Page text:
Settler Colonialism and Political Economies of Resource Governance/Extraction: 1

Type: Paper
Theme:
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Day: 4/10/2018
Start / End Time: 12:40 PM / 2:20 PM
Room: Bayside C, Sheraton, 4th Floor
Organizers: Anna Stanley
Chairs: Anna Stanley

Description

Building on the twin premises: that (1) capital relies on the absolute jurisdictional authority of the state (and consequent suspension of Indigenous jurisdictional and territorial authorities) to ensure property and create a positive investment climate for extractive capital, and (2)accumulation strategies (and efforts/techniques developed to quicken and ensure the circulation of capital) are thus intimately linked to settler colonial rule, this session critically engages some of the ways in which settler colonial formations (e.g., settler accumulation, Indigenous dispossession, crown sovereignty) inflect contemporary political economies of resource extraction and governance. (Or put slightly differently how settler colonialism mediates and produces specific forms of economy and resource governance).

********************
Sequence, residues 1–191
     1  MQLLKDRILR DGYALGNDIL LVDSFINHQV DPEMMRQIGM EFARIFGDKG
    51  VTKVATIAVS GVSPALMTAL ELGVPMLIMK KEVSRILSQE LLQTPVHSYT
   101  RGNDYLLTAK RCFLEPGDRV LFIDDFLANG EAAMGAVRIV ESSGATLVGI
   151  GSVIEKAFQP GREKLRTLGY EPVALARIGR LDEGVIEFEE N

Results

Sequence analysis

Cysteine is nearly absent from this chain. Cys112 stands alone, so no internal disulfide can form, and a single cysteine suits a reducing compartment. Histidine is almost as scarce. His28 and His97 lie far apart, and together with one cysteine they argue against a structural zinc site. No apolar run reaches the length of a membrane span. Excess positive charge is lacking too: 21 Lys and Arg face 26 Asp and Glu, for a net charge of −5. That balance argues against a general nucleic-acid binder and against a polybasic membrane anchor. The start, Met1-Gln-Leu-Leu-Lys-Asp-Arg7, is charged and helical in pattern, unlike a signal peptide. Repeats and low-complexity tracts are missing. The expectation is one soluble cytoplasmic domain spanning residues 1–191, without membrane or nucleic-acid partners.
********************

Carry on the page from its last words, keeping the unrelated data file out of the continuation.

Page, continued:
Agenda

Type Details Minutes Start Time
Presenter Tia Dafnos*, University of New Brunswick, Critical infrastructural resilience: Anticipatory geographies of settler colonialism and extractivism 20 12:40 PM
Presenter Jonathan Peyton*, University of Manitoba, Resource Histories and the Political Ecology of Failure in Canada’s North 20 1:00 PM
Presenter D. Cochrane*, York University, The Political Economic Thought of Art Manuel 20 1:20 PM
Presenter Dana Holtby*, Carleton University, “Money is a Coward”: Social Mapping and the Production of Certainty in the Canadian North 20 1:40 PM
Presenter Anna Stanley*, University of Guelph, Neoliberalizing the Settler state? Indigeneity, exploration equity and the Canada Infrastructure Bank. 20 2:00 PM

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